To be blunt, I found 'Tales Don't Tell Themselves' rather dull.

The notion of a concept album (particularly one with a nautical theme) could conjure resplendent images of 'The Ninth Wave' (K Bush). Sadly 'Tales Don't Tell Themselves' is far closer to 'Orinoco's Dream' (The Wombles). Funeral For A Friend have played this very safe, always having one eye fixed firmly on accessibility. The unfortunate fact is that the use of a large orchestra and a somewhat grandiloquent theme only manages to compound this albums basic failing: a lack of decent songs. The radio-friendly opener (Into Oblivion), the customary concept album two-parter (All Hands On Deck) and the prolix closing epic (Sweetest Wave) are the only tracks worthy of any effort. But even these slight peaks must yield to the sheer depths of the blandness that they punctuate.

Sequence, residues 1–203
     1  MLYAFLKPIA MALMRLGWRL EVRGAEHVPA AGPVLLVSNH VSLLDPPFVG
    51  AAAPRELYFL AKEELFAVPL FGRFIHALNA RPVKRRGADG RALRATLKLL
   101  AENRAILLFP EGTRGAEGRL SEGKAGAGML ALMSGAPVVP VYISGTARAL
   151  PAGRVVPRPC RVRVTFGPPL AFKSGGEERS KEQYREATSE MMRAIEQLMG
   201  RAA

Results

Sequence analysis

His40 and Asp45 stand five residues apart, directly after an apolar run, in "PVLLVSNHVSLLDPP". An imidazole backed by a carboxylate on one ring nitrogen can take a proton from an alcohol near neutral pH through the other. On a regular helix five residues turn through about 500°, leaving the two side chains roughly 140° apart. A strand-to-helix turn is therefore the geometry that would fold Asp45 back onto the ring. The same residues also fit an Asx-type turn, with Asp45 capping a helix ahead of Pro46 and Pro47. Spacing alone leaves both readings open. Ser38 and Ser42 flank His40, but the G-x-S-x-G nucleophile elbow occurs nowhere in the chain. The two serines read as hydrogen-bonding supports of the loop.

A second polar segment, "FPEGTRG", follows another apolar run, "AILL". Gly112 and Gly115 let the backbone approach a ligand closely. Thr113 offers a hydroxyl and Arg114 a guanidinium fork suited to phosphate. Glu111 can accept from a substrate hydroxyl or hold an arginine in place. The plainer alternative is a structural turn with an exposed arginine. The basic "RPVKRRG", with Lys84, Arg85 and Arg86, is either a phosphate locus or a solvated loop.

This album regurgitates many past melodic themes but what is different here is the delivery. Gone is the raw angst of youth: in its place is the restrained refection of premature middle age. Funeral For A Friend's usually bold musicality appears torpid under the smothering production of Gil Norton. But take a look at his recent portfolio (Feeder, Foo Fighters, Counting Crows) and you would expect nothing more than predictable, nondescript rock. For me, this is most notable in the totally pedestrian drumming of Ryan Richards. This could be any third rate session musician. For those ready to suggest that this release highlights a maturity in the bands music I would simply assert that the very concept of artistic maturity is a vacuous idea. In their efforts to be taken more seriously, Funeral For A Friend appear to have tempered the rather impressive ire of their debut album. For me, 'Hours' was only ever occasionally pleasant. And now with 'Tales...' I can only presume that the band have collectively settled down and borne many children as such reverie can only come from a life more pastoral. I challenge anybody to swiftly follow 'Tales..' with a fresh listen of 'Casually Dressed...' and conclude otherwise.